June 21 is the first day of summer, and for many people that means trips to the pool, exciting outdoor activities and having fun. But for others, summer can be a difficult time for their mental health. We often hear about Seasonal Affective Disorder in the winter, when the days are shorter and darker, but summer can bring about depression, anxiety and mental health issues as well. Let’s talk about how you can protect your summer mental health and how Healthy365 can connect you to available resources in Hancock County.
How is mental health impacted during summer?
If you already suffer from anxiety or depression, it can feel extra hard to come out of your “winter hibernation” in the spring and summertime. While everyone else seems to be excited about the warmer weather and extra sunlight, someone with reverse Seasonal Affective Disorder or mental health issues may feel additional guilt or shame because they don’t feel that same excitement.
Big weather changes that come in the spring and summer can also cause hormonal shifts or mood swings. Our circadian rhythm can get overwhelmed by changing seasons, and some people may need more time to adjust. Some typical symptoms of seasonal affective disorder or depression can include weight loss, changes in appetite, anxiety, irritability or insomnia.
One of the silver linings about having feelings of depression in the summer versus the winter is that it’s much easier to get outside and soak in the Vitamin D. Even taking a short walk can boost your serotonin and improve your mood. If you notice your children are getting bored or having mood swings during summer break, keeping a loose schedule that includes time outside and playdates with others can be a great way to help them.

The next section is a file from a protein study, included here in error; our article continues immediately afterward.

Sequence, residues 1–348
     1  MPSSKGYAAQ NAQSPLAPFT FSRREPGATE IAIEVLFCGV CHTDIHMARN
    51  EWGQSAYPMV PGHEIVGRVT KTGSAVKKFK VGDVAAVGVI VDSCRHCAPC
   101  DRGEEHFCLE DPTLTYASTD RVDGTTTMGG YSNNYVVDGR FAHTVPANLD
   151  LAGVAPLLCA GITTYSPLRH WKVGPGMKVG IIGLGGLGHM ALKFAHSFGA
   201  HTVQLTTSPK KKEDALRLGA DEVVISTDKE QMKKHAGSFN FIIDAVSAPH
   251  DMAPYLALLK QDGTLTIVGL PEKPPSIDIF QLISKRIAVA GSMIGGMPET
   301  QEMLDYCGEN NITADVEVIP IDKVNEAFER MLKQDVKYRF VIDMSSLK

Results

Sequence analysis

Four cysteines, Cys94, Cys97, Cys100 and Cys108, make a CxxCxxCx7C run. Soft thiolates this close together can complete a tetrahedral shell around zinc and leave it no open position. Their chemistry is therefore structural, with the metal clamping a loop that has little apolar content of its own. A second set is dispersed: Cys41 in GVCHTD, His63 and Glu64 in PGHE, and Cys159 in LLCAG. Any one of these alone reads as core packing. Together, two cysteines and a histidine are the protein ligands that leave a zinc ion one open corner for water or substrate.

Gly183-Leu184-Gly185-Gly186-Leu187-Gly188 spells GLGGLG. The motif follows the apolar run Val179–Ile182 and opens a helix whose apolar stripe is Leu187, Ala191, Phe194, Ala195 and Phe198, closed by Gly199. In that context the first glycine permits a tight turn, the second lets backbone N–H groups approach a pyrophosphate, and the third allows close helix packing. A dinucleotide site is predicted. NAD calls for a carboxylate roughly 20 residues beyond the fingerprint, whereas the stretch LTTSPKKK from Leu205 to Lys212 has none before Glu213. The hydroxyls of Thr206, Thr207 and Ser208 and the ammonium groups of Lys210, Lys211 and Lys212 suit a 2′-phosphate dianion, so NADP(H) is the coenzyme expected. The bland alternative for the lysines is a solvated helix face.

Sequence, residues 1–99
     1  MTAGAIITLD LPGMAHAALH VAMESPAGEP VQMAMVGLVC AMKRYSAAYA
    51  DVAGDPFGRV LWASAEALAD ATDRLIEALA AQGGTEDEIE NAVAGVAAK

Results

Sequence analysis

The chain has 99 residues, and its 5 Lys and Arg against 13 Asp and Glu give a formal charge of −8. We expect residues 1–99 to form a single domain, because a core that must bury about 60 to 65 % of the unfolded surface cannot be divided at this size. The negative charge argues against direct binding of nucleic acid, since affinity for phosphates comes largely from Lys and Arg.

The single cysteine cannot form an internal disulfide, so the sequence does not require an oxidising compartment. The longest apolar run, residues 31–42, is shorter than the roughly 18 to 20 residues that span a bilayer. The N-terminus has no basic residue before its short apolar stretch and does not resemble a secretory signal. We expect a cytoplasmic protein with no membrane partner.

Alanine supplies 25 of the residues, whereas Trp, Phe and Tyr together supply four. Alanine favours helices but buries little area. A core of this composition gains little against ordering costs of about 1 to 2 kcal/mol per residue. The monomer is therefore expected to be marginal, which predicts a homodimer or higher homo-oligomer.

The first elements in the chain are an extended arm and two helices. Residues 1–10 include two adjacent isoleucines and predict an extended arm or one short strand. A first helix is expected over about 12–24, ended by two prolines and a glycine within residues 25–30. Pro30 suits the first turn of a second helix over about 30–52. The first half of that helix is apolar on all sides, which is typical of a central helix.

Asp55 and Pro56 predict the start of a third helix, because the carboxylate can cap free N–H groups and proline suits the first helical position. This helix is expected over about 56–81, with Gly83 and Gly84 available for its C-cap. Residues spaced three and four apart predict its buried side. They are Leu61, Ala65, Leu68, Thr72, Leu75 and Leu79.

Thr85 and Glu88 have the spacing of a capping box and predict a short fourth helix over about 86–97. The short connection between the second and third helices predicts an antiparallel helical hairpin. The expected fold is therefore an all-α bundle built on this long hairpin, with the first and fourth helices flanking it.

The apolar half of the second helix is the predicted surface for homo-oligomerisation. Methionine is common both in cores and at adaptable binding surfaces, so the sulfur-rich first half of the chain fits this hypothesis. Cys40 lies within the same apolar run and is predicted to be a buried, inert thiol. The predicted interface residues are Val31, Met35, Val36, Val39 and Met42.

Taking a relaxing vacation
Summer is obviously a great time for vacations. Your job (and schools) give you vacation time for a reason – so make sure to use it! Some people might find planning a trip stressful, so take advantage of online resources for vacation planning and find a place to get away. Try to use your vacation to unwind, clear your mind and refocus your energy so that you feel refreshed when you return home.
Exercising is another good way to treat feelings of depression or anxiety, and during the summer there are tons of options to get active. You could start training for a 5K or fun run, many of which take place in the summer or fall. You could take up a yoga practice to improve flexibility and try out some mindfulness meditation. You could even just take the kids to the park and try to keep up with them! However you feel comfortable, try getting active for at least 20-30 minutes a day and your body (and mind) will thank you for it.
Maintaining proper sleep
On the flip side of getting active is getting a good night’s sleep. It can be easy to stay up late or sleep in during the more relaxed days of summer, but do your best to get in 8 hours of uninterrupted sleep, with a relatively similar schedule for your bedtime and wake-up call each day. Sleep hygiene can have a big impact on mental health for people of all ages, so it’s important to set a good example for your family.
Seeing a mental health professional
If your feelings of anxiety and depression persist or seem to be getting worse, it may be time to talk to your doctor or see a mental health professional. The Support Navigators at Healthy365 would be happy to provide you with a non-judgmental listening ear, and to connect you with local resources for your overall health and wellness.
Call us today at 317-468-4231 or visit the Connection Center at 120 W. McKenzie Rd., Suite G in Greenfield to learn more about how you can improve your mental health this summer.